Molecular Gastronomy


Well-known member
A pretty lunatic title for a style of cookery, but I think the phenomenon is interesting, partly because its so decadent: food that isn't cooked to nourish but to amuse, excite, tittilate.

The two big names are El Bulli (the first review I read of it I read I took to be a Chris Morris outing) and the Fat Duck. I ate at Bels Diner in bristol which does something similar: Native Oysters with Tomato Ice Cream, an espresso cup of white onion jelly with parmesan air.

If the ongoing media fixation on cookery wasn't quite so pervasive, perhaps so-called Molecular Gastronomes like Heston Blumenthal would be a very compelling proposition.

Is there a Dissensus on this?


waiting for a time
From what I've read, there appears to be a bit of a difference between El Bulli and Heston Blumental's style. I'm far too poor to have eaten at either though, although a friend of mine is going to the Fat Duck this weekend, so I'll get his report.

Heston's scientific gastronomy seems more intent on working out the nitty-gritty of the perfect way to cook things, which can be suprisingly dull in result (chips with ketchup injected into them) but I applaud his aims and he does cook some interesting stuff.

The airs and foams bit though, which I think is more an El Bulli thing, seems less appealing. I mean, I get what they're trying to do, capturing the essence of flavour, but I don't like the feeling of being yet more steps from the origin of food via science. And the whole way they serve in El Bulli - telling you how to eat etc, is so fucking pretentious it's untrue. I see what you mean about thinking it was a Chris Morris piece...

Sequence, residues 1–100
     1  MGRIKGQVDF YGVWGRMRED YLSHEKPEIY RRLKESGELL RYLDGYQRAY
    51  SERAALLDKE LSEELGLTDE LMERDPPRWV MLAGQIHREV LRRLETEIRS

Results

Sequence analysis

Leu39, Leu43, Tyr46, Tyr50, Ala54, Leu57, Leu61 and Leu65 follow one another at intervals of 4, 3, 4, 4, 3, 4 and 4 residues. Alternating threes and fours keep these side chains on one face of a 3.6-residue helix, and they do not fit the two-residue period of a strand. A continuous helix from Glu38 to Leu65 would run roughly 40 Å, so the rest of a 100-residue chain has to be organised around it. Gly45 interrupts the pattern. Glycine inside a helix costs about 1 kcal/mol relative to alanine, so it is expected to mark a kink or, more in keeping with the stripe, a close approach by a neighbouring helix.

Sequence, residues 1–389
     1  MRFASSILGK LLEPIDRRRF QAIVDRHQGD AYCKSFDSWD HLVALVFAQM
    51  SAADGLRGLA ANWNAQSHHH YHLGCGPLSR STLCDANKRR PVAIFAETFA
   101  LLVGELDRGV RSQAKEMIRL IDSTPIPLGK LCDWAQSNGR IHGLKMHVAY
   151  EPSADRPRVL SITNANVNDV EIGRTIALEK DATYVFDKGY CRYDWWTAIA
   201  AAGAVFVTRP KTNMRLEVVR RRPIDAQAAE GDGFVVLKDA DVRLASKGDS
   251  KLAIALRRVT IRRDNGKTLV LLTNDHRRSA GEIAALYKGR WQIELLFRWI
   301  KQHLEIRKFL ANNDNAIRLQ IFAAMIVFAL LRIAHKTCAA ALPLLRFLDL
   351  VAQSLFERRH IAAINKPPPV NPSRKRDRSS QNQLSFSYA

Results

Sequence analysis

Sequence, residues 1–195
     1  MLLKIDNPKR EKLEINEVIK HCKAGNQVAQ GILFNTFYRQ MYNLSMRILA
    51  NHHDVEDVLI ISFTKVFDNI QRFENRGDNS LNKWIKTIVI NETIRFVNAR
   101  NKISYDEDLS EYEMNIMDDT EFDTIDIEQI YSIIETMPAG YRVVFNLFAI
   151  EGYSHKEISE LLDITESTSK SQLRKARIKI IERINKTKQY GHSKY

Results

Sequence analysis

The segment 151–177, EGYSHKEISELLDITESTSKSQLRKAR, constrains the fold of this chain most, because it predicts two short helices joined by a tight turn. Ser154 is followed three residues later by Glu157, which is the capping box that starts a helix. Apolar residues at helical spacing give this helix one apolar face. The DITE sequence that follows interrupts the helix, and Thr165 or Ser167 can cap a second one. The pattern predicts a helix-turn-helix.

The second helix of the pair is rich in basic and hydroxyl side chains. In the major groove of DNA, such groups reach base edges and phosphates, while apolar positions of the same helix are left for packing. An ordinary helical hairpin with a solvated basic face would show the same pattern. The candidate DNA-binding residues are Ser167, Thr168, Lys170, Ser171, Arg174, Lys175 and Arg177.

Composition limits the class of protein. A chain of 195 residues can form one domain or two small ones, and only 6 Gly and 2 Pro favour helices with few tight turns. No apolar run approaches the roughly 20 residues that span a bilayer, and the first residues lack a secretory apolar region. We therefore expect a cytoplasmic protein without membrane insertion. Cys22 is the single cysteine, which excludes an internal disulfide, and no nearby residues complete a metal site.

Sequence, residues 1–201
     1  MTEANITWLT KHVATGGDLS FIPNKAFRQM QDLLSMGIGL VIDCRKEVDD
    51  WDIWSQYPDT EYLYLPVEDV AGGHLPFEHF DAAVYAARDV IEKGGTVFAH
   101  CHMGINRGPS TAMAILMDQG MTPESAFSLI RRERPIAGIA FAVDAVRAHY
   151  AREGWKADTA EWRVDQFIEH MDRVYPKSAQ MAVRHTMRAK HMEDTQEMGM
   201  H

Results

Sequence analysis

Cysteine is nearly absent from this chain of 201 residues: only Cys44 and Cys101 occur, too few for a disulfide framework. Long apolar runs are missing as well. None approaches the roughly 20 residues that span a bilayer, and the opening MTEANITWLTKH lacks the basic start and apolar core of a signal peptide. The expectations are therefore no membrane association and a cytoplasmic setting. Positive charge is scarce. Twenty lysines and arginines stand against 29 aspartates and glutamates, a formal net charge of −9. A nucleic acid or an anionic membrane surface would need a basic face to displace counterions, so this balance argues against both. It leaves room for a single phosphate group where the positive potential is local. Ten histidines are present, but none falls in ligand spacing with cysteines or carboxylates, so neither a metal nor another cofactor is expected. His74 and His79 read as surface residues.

Well-known member
[QUOTE, but I don't like the feeling of being yet more steps from the origin of food via science. ..[/QUOTE]

yes, I suppose the froths and essences are close to the kind of things flavour factories turn out for huge scale food processors and fast food outfits that I read about in the decidedly unsuprising "Fast Food Nation'. Radcially different price tag, though.

I was interested to note on the menu at Bel's in Bristol that there were no references to provenance. "Where does this food come from?" had been displaced by "Look what we've done to it!!".

Which, as you say, isn't a good thing, especially for carnivores.
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